Hyperpigmentation is an incredibly common skin condition associated with a wide number of potential causes. However, just because it’s common doesn’t mean that it’s desirable. If you experience hyperpigmentation, it might help you to understand it a bit better to learn how to approach trying to prevent it and treat it. In this article, we’ll help you out by telling you everything you need to know about this condition so that you can make healthy choices for your skin that will reduce the risk and occurrence of hyperpigmentation.
What Is Hyperpigmentation?
Hyperpigmentation is a skin condition in which certain patches of skin have a darker appearance than those surrounding it. It can happen in small spots or large ones, occurring all over the body or in just one place. It might be on your face skin, on your hands, on your abdomen, or really anywhere.
Hyperpigmentation happens as the result of the overproduction of melanin, the pigment that gives our skin its color. That being said, “hyperpigmentation” is actually an umbrella term that covers skin discoloration of many different types. Some of these include:
- Melasma - The darkening of the skin as a result of hormonal changes, heat, or sun exposure. This is common in pregnant women
- Sunspots - When the sun’s UV rays stimulate the production of a type of cell called a melanocyte, it can lead to the overproduction of melanin, causing hyperpigmentation
- Acquired melanosis - This occurs after a skin injury or inflammation. Acne scars fall under this category.
- Periorbital hyperpigmentation - Generally harmless but often unwelcome, periorbital hyperpigmentation is another term for the dark circles that many people have around the lower eyelid
- Linea nigra - The linea nigra is a hyperpigmented line that shows up on the abdomen during pregnancy
- Age spots - These commonly appear on the face and hands of older adults in the form of black, tan, or brown spots
Note that these are just some of the many types of hyperpigmentation that you might experience one or some of.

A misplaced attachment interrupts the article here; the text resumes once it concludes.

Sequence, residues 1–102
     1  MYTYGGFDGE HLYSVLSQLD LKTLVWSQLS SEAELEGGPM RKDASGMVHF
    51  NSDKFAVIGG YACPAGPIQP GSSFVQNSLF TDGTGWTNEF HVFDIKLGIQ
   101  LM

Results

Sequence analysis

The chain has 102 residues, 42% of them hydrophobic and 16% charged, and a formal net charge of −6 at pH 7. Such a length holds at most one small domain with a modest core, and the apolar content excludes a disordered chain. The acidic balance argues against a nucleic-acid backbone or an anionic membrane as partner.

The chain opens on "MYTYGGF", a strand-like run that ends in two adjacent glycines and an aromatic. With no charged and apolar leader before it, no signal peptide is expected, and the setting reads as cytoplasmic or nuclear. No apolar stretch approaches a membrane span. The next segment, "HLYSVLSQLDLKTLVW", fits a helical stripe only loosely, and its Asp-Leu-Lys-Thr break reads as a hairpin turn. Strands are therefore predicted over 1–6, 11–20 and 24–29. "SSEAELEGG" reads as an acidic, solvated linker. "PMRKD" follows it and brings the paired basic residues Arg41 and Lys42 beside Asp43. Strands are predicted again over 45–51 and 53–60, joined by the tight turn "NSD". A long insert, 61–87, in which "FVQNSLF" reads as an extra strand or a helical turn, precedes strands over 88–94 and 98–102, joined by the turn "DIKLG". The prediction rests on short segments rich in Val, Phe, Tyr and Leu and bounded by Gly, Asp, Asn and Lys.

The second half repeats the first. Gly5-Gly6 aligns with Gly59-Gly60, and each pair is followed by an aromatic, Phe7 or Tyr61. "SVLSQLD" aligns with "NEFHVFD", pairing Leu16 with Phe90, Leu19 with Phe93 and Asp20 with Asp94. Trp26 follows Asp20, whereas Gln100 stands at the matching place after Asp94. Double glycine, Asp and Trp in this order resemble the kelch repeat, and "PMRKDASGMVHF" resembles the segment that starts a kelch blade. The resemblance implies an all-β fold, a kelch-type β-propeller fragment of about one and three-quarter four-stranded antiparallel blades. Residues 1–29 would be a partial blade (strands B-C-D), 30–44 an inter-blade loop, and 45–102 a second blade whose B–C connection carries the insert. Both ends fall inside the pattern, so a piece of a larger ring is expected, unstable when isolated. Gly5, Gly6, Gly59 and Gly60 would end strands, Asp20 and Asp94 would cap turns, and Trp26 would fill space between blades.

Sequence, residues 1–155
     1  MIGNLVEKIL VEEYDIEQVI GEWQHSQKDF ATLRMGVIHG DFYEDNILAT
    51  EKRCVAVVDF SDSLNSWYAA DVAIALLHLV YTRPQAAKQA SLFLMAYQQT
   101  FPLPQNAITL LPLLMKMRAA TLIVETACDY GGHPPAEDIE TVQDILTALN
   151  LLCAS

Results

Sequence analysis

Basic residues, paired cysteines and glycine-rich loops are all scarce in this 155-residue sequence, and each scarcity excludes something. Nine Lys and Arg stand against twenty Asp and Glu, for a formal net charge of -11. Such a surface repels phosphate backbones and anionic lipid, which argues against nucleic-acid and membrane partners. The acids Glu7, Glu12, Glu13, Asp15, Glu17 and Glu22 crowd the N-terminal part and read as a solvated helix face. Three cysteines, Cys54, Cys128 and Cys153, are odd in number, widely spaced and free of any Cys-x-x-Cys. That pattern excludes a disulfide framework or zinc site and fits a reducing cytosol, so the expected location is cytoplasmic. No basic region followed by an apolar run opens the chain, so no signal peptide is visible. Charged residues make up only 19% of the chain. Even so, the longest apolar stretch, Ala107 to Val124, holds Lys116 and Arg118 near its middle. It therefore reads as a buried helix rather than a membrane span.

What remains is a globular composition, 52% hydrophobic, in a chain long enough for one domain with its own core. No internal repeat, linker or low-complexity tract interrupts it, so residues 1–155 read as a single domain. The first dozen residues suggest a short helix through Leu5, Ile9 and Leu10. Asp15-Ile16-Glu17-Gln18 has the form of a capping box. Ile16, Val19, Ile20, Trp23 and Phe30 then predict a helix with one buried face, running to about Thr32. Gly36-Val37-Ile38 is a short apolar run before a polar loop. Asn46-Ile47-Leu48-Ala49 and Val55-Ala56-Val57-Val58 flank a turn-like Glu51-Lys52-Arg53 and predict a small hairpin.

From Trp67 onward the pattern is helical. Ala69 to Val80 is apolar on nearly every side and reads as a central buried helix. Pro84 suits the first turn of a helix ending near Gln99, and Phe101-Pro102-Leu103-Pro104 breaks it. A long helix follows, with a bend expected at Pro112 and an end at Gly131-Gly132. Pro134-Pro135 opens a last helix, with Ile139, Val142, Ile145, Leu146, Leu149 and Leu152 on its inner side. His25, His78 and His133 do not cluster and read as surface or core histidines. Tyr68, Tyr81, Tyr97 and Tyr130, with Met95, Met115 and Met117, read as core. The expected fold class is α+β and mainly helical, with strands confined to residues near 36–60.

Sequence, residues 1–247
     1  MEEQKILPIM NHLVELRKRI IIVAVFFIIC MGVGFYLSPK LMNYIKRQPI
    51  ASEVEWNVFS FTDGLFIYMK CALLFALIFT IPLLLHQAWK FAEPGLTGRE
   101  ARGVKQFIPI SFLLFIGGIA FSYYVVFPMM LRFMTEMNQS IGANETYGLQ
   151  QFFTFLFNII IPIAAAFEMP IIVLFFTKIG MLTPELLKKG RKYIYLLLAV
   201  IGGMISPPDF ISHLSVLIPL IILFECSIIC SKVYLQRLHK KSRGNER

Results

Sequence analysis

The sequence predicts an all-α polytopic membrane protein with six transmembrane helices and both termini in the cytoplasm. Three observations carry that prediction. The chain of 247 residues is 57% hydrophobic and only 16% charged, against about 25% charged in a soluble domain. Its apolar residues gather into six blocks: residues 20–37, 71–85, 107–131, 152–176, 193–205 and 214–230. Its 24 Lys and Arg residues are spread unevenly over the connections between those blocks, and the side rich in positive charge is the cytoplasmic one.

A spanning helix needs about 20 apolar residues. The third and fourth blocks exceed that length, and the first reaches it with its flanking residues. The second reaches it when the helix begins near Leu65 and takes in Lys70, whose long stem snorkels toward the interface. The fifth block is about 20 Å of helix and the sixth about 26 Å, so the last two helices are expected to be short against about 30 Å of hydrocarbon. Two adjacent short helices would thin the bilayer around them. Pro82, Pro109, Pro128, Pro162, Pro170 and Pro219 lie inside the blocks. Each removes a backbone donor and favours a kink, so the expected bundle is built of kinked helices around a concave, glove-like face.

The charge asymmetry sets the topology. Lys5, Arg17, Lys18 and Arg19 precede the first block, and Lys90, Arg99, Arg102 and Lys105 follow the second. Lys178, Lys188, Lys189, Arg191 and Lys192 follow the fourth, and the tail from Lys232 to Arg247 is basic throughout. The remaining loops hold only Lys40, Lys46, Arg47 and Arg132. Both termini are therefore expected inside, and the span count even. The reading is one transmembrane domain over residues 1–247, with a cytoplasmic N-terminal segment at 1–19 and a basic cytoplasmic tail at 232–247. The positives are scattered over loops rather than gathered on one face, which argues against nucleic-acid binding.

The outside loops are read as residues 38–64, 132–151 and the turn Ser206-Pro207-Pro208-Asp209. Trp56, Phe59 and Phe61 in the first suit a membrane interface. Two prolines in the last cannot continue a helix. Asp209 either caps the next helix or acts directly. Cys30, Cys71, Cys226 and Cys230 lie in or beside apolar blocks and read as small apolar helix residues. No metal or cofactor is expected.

What Causes Hyperpigmentation
Because hyperpigmentation is an umbrella term, there are quite a few different causes that might be responsible for it depending on which type you have. Potential causes for hyperpigmentation include:
- Sun exposure
- Hormonal birth control pills
- Hormone therapy
- Skin injury
- Addison's disease
- Cushing's disease
- Celiac disease
- Vitamin deficiency
- Metabolic disorders
- Chemotherapy drugs
As you can see from this list, hyperpigmentation is caused by a large variety of things, many of which are unavoidable. This is why it can be helpful to come to terms with hyperpigmentation as something that is a normal part of life and nothing to be ashamed of.
How to Prevent Hyperpigmentation
That being said, we understand that hyperpigmentation isn’t always desirable and can make you feel insecure or self-conscious. Thankfully, there are steps that you can take to prevent certain types of hyperpigmentation. These include:
- Wear an SPF of at least 30 on your face and body when going outside especially, but not only, on sunny days
- Take good care of your skin with a skincare routine suited to your skin type
- If you have an active acne breakout, avoid picking at or popping your pimples
- Speak to your doctor to see if there may be an underlying medical cause to your hyperpigmentation that needs to be treated
How to Treat Hyperpigmentation
Sometimes, no matter how well you treat your skin, you’ll still experience hyperpigmentation. If you already have discolored skin and want to explore options for reducing its appearance, here are some treatment options that are available to you.
- Skincare products that contain ingredients such as licorice extract and niacinamide
- Exfoliating treatments with face acids such as glycolic acid, lactic acid, kojic acid and salicylic acid
- Chemical peels
- Laser therapy
- Home remedies such as aloe vera, licorice, green tea
To keep your skin as healthy as possible, check out Blu Fern’s natural clean beauty products. Our natural plant-based skincare is made to balance and restore your skin’s microbiome to help reduce inflammation, one of the causes of hyperpigmentation, and make your skin more resilient to things like sun damage.